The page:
Canada, China set aside differences to help COP15 nature talks succeed: Guilbeault

The 196 parties to the agreement are now aiming to set aside 30 per cent of their land and marine territories as conservation areas by 2030.

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OTTAWA — The international biodiversity framework reached Monday in Montreal was possible because Canada and China were able to set aside their diplomatic differences to co-lead the negotiations, Environment Minister Steven Guilbeault said as the summit came to a close.

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And the agreement will bind the two countries together, because it is named after the cities in China and Canada where it was negotiated. Though China officially hosted the COP15 event, the final negotiations were ultimately moved from Kunming to Montreal because of China’s COVID-19 policies.

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The Kunming-Montreal global biodiversity agreement is being lauded by governments and nature experts as a historic deal meant to turn the tide on the devastating impacts humanity is having on wildlife and critical ecosystems.

The 196 parties to the agreement are now aiming to set aside 30 per cent of their land and marine territories as conservation areas by 2030, reduce the use of pesticides and harmful plastics, increase urban green spaces, ensure sustainable use of wild species and reduce overconsumption and food waste.

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“We’ve achieved a Montreal moment for nature,” Guilbeault said Tuesday at the final press conference for COP15.

“The Kunming-Montreal global biodiversity framework is a major win for our planet and for all of humanity.”

Canada was asked to host the talks in Montreal because it’s the city that houses the UN biodiversity secretariat offices. While China remained the official host, Canada took on logistics and had a bigger influence over the ambition of the talks.

Before COP15 began, there were concerns about the joint hosting efforts of China and Canada given the ongoing tensions between their two governments.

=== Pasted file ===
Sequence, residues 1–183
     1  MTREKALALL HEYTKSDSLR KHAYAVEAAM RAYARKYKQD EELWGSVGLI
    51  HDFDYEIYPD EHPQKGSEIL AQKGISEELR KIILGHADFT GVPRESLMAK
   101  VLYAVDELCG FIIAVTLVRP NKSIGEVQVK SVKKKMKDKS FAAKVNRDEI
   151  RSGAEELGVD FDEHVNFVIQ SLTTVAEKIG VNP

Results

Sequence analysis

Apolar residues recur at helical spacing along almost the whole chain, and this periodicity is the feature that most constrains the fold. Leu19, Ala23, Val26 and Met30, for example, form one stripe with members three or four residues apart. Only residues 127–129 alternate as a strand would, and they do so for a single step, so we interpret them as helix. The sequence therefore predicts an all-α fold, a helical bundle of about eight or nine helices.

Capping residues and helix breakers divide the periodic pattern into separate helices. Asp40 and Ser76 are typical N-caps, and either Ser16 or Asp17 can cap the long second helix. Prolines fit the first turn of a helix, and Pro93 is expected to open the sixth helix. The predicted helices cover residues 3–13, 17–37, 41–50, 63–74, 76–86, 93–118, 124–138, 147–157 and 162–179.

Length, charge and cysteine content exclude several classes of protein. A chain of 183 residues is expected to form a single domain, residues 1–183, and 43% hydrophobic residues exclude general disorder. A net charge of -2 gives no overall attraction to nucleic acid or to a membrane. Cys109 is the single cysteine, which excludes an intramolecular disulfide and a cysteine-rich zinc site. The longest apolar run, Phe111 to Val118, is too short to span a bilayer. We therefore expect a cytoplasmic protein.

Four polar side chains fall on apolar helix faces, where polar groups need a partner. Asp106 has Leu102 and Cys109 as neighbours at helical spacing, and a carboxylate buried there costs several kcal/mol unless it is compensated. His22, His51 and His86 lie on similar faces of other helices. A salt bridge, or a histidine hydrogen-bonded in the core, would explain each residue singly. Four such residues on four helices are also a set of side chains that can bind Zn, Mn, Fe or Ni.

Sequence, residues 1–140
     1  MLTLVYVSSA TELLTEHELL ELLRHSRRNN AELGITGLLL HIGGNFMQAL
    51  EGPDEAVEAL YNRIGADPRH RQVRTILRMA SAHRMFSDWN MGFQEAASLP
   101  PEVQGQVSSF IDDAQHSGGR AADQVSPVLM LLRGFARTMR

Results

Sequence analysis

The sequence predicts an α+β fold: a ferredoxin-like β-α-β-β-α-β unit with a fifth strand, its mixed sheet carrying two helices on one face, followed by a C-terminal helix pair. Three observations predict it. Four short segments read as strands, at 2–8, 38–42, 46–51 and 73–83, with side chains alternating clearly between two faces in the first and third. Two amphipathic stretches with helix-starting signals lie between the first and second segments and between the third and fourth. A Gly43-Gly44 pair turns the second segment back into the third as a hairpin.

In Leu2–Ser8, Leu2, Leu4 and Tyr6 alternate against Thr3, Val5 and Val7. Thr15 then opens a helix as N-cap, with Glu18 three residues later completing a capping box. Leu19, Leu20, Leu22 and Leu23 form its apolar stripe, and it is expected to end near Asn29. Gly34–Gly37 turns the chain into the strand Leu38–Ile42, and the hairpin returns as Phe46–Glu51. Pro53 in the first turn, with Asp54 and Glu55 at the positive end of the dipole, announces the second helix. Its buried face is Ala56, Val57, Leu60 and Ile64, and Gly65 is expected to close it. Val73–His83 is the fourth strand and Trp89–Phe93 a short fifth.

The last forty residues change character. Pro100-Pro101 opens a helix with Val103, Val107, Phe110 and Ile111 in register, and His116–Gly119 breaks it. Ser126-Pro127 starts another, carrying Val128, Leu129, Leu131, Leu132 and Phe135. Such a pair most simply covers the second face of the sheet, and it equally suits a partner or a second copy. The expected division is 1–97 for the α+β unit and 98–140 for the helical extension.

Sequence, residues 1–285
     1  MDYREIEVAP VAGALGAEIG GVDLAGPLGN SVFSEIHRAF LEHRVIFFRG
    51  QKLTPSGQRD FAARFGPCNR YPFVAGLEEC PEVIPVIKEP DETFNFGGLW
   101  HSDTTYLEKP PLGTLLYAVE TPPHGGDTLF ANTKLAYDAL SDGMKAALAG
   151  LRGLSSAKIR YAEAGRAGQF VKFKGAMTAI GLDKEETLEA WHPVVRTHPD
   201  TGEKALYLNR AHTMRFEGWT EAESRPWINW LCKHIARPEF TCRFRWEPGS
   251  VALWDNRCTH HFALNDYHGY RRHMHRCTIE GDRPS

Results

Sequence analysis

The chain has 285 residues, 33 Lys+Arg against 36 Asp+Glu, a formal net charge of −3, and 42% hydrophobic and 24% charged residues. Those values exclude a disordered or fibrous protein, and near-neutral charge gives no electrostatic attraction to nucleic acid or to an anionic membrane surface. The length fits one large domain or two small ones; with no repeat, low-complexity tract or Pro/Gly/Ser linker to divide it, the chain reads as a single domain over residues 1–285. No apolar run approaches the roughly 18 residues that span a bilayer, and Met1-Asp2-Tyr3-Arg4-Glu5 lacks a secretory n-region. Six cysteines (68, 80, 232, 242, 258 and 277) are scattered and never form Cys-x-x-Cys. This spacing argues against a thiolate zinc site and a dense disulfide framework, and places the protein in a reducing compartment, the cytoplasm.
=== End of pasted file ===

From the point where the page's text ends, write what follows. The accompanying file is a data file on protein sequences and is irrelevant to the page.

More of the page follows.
The relationship took a nosedive in 2018 after Canada arrested a Chinese tech executive on behalf of the United States and China swiftly detained two Canadians in apparent retaliation. While more than a year has passed since all three were released, tensions haven’t eased much.

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In the month leading into COP15, new allegations were made in Canada about Chinese government interference in Canadian elections, Canada enacted a new policy to force Chinese state-owned companies out of their ownership stakes in Canadian critical mineral operations and Canada issued a new Indo-Pacific foreign-relations strategy designed to counterbalance China’s influence in the region.

But during the last two weeks, Guilbeault and China’s environment minister, Huang Runqiu, shared a stage multiple times, expressed similar positions on the negotiations and thanked each other often and profusely for their support.

Asked about that level of co-operation Tuesday, the Chinese minister said he and Guilbeault had spoken at least weekly since the Montreal venue was selected in June, and often more than that.

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“Canada has been really helpful,” Huang said through a translator.

Minutes after Huang lowered his gavel to declare the deal done overnight on Monday, Guilbeault congratulated him and thanked him for his solidarity.

“What we have accomplished, in a way, is a reflection of the journey that our two countries have gone through over the (last) months in deciding to set aside our differences, and to choose to work together on the things that unite us,” he said.

“I think this is reflective of what we have just adopted tonight, under your leadership, and I, on behalf of Canada and Canadians, I want to thank you for that.”

Guilbeault’s words were met with loud applause from the rest of the delegates in the final plenary.

China will remain in the president’s chair for the biodiversity convention over the next two years, and Huang said he will use that time to keep pushing for implementation.

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The framework includes a call for every party to develop or revise a national biodiversity strategy and action plan to align with COP15’s targets, and regularly review their progress. It also allows for voluntary peer reviews, where one country takes a look at how another is holding up their end of the bargain.

As of now, about 17 per cent of global land territories and 10 per cent of marine areas are protected. Reaching the “30 by 30” goal would mean adding land equivalent to the entire size of Russia and marine areas almost as big as the entire Atlantic Ocean.

Developed countries also need to ramp up their financing for developing nations to help them meet the conservation targets, and a new dedicated biodiversity fund must be established within the existing Global Environment Fund.

Guilbeault said that in 2020, developed nations put about US$16 billion on the table toward biodiversity financing. He said, that will have to rise to US$20 billion by 2025 and to US$30 billion by 2030.

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